The smallest-ever flying structure can be used to monitor air pollution and disease and dissolves harmlessly after use.
New ‘Microflier’ Is A Winged Microchip The Size Of A Grain Of Sand
A new flying microchip, no bigger than a grain of sand, has neither a motor nor an engine but is dispersed on the wind to check on airborne disease, air pollution and other environmental contamination.
Developed at Northwestern University, microfliers can feature sensors, power sources, antennas for wireless communication and embedded memory to store data, among other ultra-miniaturized technology.
John Rogers, who led the device’s development, said the goal was to get tiny electronic devices to fly, so they could be used to monitor air pollution, track airborne diseases and assist with population surveillance from the sky.
“We were able to do that,” Rogers said, “using ideas inspired by the biological world. Over the course of billions of years, nature has designed seeds with very sophisticated aerodynamics. We borrowed those design concepts, adapted them and applied them to electronic circuit platforms.”
The microflier research is featured on the cover of the Sept. 23 issue of Nature.
“We think we beat nature,” Rogers said, referring to the microfliers’ ability to fall more safely than seeds of the same size falling from trees and plants. “We also were able to build these ‘helicopter’ flying structures at sizes much smaller than those found in nature.” This was important, he said, because of the ongoing trend of developing increasingly smaller devices for the electronics industry.
Mimicking nature, the microflier drifts with the wind like a maple tree’s winged seeds, spinning like a helicopter’s rotors to land on the ground. The engineers designed it to make a slow, controlled descent, so it can better survive a drop from a high elevation. This also means it can spend more time in the air and cover a larger area.
Trees have evolved to spread their seeds and propagate their species across wide expanses. “Evolution was likely the driving force for the sophisticated aerodynamic properties exhibited by many classes of seeds,” said Rogers. “These biological structures are designed to fall slowly and in a controlled manner, so they can interact with wind patterns for the longest possible period of time.”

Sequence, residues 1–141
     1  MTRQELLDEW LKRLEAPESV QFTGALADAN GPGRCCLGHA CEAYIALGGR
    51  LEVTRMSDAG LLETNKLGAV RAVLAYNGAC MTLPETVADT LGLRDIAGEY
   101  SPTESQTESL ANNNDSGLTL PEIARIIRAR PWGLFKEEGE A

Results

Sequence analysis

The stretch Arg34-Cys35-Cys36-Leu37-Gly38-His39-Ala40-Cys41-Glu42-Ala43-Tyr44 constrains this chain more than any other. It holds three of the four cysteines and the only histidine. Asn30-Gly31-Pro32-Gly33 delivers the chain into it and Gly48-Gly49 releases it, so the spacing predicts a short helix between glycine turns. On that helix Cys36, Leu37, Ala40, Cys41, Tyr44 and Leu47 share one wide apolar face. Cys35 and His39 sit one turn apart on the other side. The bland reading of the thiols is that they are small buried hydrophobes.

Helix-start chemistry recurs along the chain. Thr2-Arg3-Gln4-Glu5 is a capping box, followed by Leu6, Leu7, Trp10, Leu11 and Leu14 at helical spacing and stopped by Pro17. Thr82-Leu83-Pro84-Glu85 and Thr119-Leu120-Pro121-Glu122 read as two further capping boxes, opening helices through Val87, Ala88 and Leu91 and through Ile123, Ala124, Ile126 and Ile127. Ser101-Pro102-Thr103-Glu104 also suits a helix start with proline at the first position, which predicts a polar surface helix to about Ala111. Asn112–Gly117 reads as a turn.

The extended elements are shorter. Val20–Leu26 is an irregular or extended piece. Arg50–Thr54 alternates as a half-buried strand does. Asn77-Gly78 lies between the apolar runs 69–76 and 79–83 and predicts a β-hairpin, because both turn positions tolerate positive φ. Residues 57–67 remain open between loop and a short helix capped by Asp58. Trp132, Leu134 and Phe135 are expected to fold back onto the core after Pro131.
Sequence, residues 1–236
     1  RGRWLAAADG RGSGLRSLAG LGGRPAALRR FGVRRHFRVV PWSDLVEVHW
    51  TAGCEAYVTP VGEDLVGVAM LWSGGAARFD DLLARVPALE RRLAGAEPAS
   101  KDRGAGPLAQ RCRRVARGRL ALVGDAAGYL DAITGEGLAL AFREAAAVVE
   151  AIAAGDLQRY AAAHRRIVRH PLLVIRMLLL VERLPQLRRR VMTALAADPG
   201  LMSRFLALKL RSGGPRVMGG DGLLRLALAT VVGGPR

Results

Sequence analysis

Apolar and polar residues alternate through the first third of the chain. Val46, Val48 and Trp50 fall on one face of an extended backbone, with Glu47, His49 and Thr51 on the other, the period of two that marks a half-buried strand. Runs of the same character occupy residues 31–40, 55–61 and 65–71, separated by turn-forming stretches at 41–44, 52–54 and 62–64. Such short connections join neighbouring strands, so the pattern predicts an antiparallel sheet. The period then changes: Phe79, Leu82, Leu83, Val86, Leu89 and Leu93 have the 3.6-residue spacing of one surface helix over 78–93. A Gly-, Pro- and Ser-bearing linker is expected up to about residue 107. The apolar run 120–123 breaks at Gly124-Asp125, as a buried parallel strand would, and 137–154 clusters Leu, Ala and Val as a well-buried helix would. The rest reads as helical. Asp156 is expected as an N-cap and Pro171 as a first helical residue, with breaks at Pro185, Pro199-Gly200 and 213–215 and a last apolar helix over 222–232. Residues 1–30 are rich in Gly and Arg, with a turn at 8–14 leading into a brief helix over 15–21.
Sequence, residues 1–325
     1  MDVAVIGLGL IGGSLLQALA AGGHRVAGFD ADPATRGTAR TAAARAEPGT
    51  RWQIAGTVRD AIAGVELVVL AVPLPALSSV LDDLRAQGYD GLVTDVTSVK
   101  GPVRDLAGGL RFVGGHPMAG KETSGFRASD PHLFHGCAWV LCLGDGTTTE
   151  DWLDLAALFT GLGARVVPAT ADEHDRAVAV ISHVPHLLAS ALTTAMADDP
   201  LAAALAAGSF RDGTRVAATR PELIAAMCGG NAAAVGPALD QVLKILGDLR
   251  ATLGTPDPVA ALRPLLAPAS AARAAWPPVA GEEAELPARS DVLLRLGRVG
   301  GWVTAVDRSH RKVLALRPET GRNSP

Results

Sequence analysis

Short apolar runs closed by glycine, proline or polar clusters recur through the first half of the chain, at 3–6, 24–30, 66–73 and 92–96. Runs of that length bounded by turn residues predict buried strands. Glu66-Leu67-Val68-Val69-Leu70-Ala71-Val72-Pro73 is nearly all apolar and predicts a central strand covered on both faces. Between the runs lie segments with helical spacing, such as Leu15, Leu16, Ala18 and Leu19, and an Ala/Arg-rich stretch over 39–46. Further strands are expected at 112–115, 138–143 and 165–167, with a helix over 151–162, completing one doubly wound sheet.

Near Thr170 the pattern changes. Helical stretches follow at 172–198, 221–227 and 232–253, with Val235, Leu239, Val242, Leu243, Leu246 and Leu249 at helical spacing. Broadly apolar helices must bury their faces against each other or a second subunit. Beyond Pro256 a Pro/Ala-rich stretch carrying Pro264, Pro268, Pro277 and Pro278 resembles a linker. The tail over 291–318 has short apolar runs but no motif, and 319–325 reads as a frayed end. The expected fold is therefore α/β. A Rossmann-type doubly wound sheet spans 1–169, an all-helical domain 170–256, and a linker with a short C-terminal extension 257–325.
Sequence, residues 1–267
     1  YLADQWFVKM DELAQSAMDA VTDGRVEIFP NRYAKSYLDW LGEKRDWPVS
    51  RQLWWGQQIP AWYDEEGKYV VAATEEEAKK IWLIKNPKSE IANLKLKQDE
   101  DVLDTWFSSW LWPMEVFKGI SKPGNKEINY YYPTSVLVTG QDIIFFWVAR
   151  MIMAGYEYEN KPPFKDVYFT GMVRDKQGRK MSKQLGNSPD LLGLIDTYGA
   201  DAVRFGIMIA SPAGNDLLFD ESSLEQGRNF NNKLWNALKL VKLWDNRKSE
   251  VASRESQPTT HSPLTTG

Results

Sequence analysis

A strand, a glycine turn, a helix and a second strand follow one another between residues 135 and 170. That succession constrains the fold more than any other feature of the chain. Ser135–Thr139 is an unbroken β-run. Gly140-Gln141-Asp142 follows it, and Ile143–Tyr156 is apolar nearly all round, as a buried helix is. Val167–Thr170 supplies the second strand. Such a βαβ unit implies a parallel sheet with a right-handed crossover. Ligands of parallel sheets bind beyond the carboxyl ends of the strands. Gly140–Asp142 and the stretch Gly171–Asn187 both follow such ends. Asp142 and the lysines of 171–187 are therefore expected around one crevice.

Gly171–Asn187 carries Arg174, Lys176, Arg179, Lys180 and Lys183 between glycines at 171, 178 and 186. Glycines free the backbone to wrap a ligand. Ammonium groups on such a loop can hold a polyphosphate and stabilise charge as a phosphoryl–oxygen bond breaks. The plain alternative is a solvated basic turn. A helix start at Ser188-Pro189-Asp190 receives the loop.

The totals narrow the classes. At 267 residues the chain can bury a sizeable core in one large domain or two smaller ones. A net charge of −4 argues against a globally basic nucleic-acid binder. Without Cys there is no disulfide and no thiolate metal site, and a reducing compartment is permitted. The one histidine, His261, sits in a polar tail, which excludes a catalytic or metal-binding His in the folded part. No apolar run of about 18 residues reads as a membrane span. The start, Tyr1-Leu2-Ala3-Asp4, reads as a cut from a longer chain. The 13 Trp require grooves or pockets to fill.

The research team studied the seeds of various species of trees and plants, which they used as the basis for multiple types of microfliers, varying in shape and size. Their main inspiration, however, came from the tristellateia, a flowering vine with star-shaped seeds featuring bladed wings that produce a slow rotation in the wind.
Using advanced technology, the team modeled the air flow around the microflier and compared the results with the tristellateia seeds’ slow rotation. They then produced a device featuring three wings that utilized shapes and angles drawn from the wings of these seeds.
The researchers outfitted one of the devices to detect particulates in the air, while they added pH sensors to another to monitor water quality and photodetectors to measure sun exposure at different wavelengths. Large numbers of microfliers may one day be dropped from aircraft or buildings, dispersing broadly to monitor environmental conditions. Their power source harvests ambient energy to wirelessly transfer data to a smartphone, tablet or computer.
To produce the microfliers, Rogers’ lab used degradable materials that harmlessly dissolve in water when the devices are no longer needed, preventing them from becoming an environmental hazard.
“We recognize that recovery of large collections of microfliers might be difficult. To address this concern, these environmentally resorbable versions dissolve naturally and harmlessly,” said Rogers.
Edited by Siân Speakman and Kristen Butler